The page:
5. I always prefer both toggles are pulled on strong wind days.   Pull both until the tandem collapses.   I don't care if the cascades on the brake lines are pulled to the point they are near the guide rings on the risers.   No chance of really reinflating.      I will literally hand the toggles on landing to the catcher.   If there are 2 catchers each can grab a toggle.

    When someone pulls one only - sure it turns the canopy into the ground but one side is still pretty much inflated.   A gust of wind and I'm pulled over (It doesn't take much when you still hooked up to a passenger with a big canopy).

    What you do on your own gear when your by yourself is different from what you do when you have someone on the front of you.   Ever try turning and walk/run around the canopy when you have a 230 lbs unfit person who's wobbly legs from the parachute ride strapped to the front of you while getting dragged to the floor by a gust on a partially inflated tandem canopy.   Very different scenarios.




  6. And you may get to use a reserve on your next jump.   Id not seen or repacked a firebird reserve so i dont know much about them and that is the rub.    PD is the brand leader, great track record, great quality.


    AAD’s - they are sophisticated devices which self check on startup and can be sent for testing/software updates at any time.   Id have no problem buying used AAD from the 3 major brands Airtec, AAD or Mars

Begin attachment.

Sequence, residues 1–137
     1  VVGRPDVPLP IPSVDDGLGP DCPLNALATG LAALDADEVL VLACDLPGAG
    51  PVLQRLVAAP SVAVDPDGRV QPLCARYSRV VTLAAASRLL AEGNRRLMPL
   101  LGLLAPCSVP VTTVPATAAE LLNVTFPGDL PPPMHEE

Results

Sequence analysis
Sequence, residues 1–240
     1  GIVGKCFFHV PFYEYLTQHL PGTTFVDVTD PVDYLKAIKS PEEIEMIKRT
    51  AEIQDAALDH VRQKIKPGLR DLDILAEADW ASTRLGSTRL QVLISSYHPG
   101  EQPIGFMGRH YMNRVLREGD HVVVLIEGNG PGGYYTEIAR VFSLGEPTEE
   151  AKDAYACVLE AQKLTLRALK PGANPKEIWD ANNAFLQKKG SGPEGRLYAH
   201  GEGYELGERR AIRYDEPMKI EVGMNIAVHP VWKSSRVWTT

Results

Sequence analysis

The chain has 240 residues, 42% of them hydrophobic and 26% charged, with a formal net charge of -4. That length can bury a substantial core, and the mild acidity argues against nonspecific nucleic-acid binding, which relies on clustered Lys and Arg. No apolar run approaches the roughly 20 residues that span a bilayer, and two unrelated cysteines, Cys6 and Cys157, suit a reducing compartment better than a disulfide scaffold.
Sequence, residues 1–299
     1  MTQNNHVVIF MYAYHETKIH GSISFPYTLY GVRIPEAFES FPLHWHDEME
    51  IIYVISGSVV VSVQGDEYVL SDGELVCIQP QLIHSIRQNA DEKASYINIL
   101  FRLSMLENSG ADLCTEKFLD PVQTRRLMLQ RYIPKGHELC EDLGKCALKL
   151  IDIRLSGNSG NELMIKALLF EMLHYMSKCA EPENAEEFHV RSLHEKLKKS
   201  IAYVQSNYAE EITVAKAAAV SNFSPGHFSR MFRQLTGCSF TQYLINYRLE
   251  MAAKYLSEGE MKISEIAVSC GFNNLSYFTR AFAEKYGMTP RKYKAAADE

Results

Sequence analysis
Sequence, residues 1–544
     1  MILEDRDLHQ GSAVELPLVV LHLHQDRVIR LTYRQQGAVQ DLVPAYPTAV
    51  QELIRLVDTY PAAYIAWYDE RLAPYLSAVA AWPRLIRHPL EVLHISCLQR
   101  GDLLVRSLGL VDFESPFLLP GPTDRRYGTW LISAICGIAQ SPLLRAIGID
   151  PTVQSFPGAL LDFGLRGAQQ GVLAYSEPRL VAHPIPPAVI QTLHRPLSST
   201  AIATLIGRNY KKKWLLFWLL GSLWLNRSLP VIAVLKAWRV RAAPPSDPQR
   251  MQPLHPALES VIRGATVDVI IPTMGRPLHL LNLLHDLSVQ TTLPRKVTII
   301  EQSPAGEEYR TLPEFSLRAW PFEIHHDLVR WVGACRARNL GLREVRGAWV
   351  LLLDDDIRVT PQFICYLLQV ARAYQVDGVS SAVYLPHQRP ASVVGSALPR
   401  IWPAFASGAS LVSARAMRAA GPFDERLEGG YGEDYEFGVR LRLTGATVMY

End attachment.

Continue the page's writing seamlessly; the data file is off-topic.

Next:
7. Id agree there are better containers than a wings but also why a firebird rush.   Its a real off brand reserve and i would say any subsequent resale value on it would be low compared with the more established names like PD, Icarus, Aerodyne reserves.

  8. I just look at the video and honestly most of  the people pulling really were lame half hearted pulls.   They did eventually pull.   Most were pulling at 90 degrees to housing increasing pull force.   Notice the big gap between cutting away and pulling the reserve and stopping when it got a little tough.     Eventually using a bit of effort and pulling it.     In my opinion the issue was the jumpers effort rather than the equipment.   Pull it like you life depends upon it.     Im sure scratches are an issue but i don't believe it to be the prime factor.    I pull hundreds of reserves a year and don't experience hard pulls but i am pulling in the right direction.   

    Correct training and emergency procedure execution are a bigger issue.   Ive seen similar occurrences when people pull their reserves.   Pulling once every 6 months  does little to address the issue.   I have no problem with people pulling their reserves.  

    I dont doubt some containers are too tight as ive seen bent stuffeners and watched rigger struggle to close even using a torque device.   Sometimes it is technique and other times its realizing when the closure loop is too short.

  9. Spoke with them this week and they are in process of transitioning to new factory and hence not taking new orders.   They are making new parts and dealers have contact details of Chris.    They are definitely still in business and just transitioning at the moment.

    • Like 2

  10. I found it more of a hindrance when closing a CRW canopy in the container.   A normal boxed container keeps the slippery canopy somewhat contained when closing the flaps.  The dynamic corners just allowed it to slide around more.    

    For wingsuits - the direction that the bag is pulled is different from other disciplines and there is a benefit.   For CRW I see no benefit.   

  11. 12 hours ago, padalcek said:

    Case in point: just last week I had a customer bring me a rig with m2 in it that still had cutter that has been recalled with SB in 2016. Rig was kept in date the entire time...